New Study Sheds More Light on how the Brain Processes Visuals we Don’t Even See

Researchers have mapped out the way our brains process visual data that falls below the threshold for conscious perception, indicating that neuronal encoding and maintenance of subliminal stimuli (such as flashing a brand logo for less than a second during a movie) is more substantial than previously thought.

Images our conscious minds don't even notice can be stored and maintained in our working memories. Image credit: Pezibear via, CC0 Public Domain.

Images our conscious minds don’t even notice can be stored and maintained in our working memories. Image credit: Pezibear via, CC0 Public Domain.

“Our results indicate that what is “invisible” to the naked eye can, in fact, be encoded and briefly stored by our brain,” observes Jean-Rémi King, a postdoctoral fellow at the Department of Psychology at NYU.

In the study, King and fellow researchers Niccollo Pescetelli from the University of Oxford, and Stanislas Dehaene from Collège de France, had participants look at a series of quickly flashed images and report which ones they saw and which ones they did not, while being monitored by a magnetoencephalograph (MEG), which makes multiple measurements of the tiny magnetic fields generated by neuronal activity in the brain at every millisecond.

Decoding the complex data by using a custom-built machine learning algorithm has helped the team confirm a series of theoretical predictions. Most importantly, the study shows a striking dissociation between the dynamics of “objective” (concerning visual data that reaches the eyes) and “subjective” neural representations (concerning what is consciously perceived and reported).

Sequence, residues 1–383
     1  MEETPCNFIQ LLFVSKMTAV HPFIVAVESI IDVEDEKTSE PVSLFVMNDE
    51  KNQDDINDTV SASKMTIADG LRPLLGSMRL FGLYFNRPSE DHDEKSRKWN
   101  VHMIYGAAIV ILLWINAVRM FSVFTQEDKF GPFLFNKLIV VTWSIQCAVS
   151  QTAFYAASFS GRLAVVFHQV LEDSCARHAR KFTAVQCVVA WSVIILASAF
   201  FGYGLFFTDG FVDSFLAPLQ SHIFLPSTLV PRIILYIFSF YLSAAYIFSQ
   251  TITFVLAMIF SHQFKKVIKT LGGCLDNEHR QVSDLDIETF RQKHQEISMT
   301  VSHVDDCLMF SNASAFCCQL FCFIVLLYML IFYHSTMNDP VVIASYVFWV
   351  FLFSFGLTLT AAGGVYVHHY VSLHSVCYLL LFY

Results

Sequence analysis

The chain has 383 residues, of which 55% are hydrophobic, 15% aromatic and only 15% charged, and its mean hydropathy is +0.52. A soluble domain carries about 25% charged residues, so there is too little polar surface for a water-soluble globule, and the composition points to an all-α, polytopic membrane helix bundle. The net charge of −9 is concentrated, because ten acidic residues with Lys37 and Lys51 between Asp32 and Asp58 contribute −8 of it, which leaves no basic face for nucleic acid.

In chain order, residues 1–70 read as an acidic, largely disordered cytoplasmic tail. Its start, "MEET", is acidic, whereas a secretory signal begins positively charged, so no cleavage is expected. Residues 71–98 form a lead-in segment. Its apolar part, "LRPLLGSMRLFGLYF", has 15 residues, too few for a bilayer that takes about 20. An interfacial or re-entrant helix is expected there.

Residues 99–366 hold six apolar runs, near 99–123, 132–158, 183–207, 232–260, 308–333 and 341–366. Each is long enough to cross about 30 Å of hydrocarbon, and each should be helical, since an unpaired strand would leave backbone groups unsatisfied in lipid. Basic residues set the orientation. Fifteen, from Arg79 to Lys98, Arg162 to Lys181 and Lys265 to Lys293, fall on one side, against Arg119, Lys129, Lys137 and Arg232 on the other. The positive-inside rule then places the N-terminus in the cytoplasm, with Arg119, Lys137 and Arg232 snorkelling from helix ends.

Contrary to predictions, however, results also showed that invisible images can be partially maintained within the higher processing stages of visual perception, which lines up with recent evidence for unconscious working memory (i.e. usable information obtained without any conscious participation).

“Undoubtedly, these results suggest that our current understanding of the neural mechanisms of conscious perception may need to be revised,” notes King, who also holds an appointment at the Frankfurt Institute for Advanced Studies (FIAS). “However, beyond our empirical findings, this study demonstrates that machine learning tools can be remarkably powerful at decoding neuronal activity from MEG recordings – a preview of what we can uncover about the workings of the brain.”

Sources: study abstract,